The sum of Xanthene Norris’ life is displayed in her sitting room.
Tabletops cluttered with grade-school photographs, wedding portraits and civic awards framed by the window.
“The Lord has blessed me because I never said no; I always found a way,” Norris says from her tidy brick home of 60 years in Greenville’s Nicholtown community.
Never say no. It’s a motto that has shaped her life, nearly of all of which has been spent in education and public service.
Norris, 90, is serving her fifth and last term on Greenville County Council after being elected to the District 23 seat in 1997.
As an educator, she taught generations of students as a French teacher at Sterling High School, then as a guidance counselor at Greenville High. Her pupils have included the Rev. Jesse Jackson Sr., Greenville Mayor Knox White, Greenville City Councilman Russell Stall and state Rep. Chandra Dillard.
“There’s a quality about her,” says Dillard, who’s known Norris all of her life. “She wants excellence from the people she works with, and she’s not afraid of tough issues. She realizes that when a door closes, it doesn’t mean it’s locked forever. You just have to find a different door.”
The teacher and guidance counselor
Born in Winston-Salem, North Carolina, Norris grew up in Greenville’s Southernside and attended segregated schools. Her father worked for the railroad company before finding employment as an elevator operator at The Greenville News. Her mother was a schoolteacher.
“We were able to live another life,” Norris says of segregation.
She attended Sterling High School, where she worked on the yearbook staff and graduated valedictorian of her class.
Her college years were spent in Atlanta, which Norris says was the place to be at the time.
The city then was a convergence of young educated blacks who came from all over the country to attend the many black colleges in the area, which included Spelman, Morehouse and Clark, where Norris studied French and social studies.
She came back to Greenville after graduation and got a job teaching at Sterling.
There, Norris would teach or mentor some of Greenville’s most famed civil rights activists, working closely with the Rev. James S. Hall Jr., vice president of the South Carolina NAACP, to counsel a young Jesse Jackson and other members of the “Greenville Eight.”
“We governed those kids on how to act and get ready for the sit-ins,” Norris says.
The Greenville Eight would later help integrate Greenville’s public library, airport and the Woolworth’s lunch counter downtown.
The county councilwoman
In 1996, Norris was approached by several people who wanted her to run for County Council.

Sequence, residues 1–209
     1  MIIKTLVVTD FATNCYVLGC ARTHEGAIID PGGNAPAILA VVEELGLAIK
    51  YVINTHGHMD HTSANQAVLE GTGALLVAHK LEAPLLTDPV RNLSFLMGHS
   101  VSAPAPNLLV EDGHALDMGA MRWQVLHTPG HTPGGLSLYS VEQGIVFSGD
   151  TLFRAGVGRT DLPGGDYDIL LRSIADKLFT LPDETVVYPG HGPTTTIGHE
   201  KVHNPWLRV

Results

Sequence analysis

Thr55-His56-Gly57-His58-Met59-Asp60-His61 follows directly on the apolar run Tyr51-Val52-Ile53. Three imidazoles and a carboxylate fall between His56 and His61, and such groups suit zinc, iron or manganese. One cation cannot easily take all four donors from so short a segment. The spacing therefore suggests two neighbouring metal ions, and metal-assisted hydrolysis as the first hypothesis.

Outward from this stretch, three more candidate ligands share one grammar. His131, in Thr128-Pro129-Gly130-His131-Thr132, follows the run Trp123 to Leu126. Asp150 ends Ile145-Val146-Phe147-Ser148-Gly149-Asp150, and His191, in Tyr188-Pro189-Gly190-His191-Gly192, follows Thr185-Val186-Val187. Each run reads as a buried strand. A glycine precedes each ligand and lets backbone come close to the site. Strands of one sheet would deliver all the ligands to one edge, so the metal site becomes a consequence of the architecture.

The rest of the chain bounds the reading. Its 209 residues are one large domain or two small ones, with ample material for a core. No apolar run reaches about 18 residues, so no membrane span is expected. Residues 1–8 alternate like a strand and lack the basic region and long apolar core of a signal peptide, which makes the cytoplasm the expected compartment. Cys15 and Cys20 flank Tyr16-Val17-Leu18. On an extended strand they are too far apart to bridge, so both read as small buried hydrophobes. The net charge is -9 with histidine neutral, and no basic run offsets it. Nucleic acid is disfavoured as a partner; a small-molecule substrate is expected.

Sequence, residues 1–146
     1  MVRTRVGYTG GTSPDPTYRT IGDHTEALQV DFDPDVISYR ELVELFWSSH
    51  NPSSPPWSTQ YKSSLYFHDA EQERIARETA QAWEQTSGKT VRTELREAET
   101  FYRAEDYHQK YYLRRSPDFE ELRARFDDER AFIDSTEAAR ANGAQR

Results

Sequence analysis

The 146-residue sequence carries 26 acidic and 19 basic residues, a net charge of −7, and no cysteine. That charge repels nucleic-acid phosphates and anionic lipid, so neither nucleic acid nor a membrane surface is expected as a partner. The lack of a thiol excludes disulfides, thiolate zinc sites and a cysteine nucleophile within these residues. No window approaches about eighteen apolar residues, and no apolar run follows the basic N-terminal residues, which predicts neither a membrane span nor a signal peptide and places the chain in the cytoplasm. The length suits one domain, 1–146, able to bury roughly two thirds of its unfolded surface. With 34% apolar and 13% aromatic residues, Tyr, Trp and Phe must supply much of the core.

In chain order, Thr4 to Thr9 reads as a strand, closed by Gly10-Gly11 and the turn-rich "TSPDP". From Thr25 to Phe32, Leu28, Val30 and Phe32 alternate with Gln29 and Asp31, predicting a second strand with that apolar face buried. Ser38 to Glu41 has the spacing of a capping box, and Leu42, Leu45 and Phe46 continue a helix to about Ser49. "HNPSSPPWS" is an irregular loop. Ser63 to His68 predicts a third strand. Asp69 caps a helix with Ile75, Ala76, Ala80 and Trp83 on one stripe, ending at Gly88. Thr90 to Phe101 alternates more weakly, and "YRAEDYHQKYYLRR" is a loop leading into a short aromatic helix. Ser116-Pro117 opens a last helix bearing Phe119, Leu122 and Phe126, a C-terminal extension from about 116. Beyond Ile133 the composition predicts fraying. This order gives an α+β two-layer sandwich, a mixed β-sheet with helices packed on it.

Norris was game — she was by then retired and widowed.
Dillard says the campaign was her first foray into politics and recalls going door to door with Norris.
“Every door that we knocked on she had either taught the person, their parents or their uncle or somebody,” Dillard says.
Norris won the Democratic primary easily, receiving 83% of the vote against the incumbent, H.M. Bowen, according to county election results.
In her 22 years on County Council, Norris has been known to be firm but never loud.
A 2006 Greenville News editorial endorsing Norris for reelection praised her as a quiet, effective leader.
“On more than one occasion during a contentious council debate, she has demonstrated her ability to make her point forcefully but without a hint of hostility,” the editorial read.
Part of Norris’ political legacy is her nearly decade-long fight to make Martin Luther King Jr.’s birthday a holiday in Greenville County. The issue grew into a movement that made national headlines. News outlets made sure to point out that Greenville County was the last county in the last state to adopt King holiday legislation.
In more than one meeting, Norris recalls seeing Confederate flags in the audience.
But Norris and County Councilwoman Lottie Gibson continued to champion the cause. Eventually Jesse Jackson would join the fight, leading a rally of 10,000 people in support of the holiday.
Norris was also part of a coalition of local civil rights activists who pushed to memorialize the site of the Willie Earle lynching in West Greenville in 2009.
That same year, Norris was honored with the Amy K. Stubbs Women of Achievement Award. It’s just one of the many honors that has been bestowed on Norris over the course of a long, distinguished career.
“She’s one of a kind and an icon in this community,” Dillard says. “Her life speaks to how one person, when they work with others, how they can be a force for good in so many things.”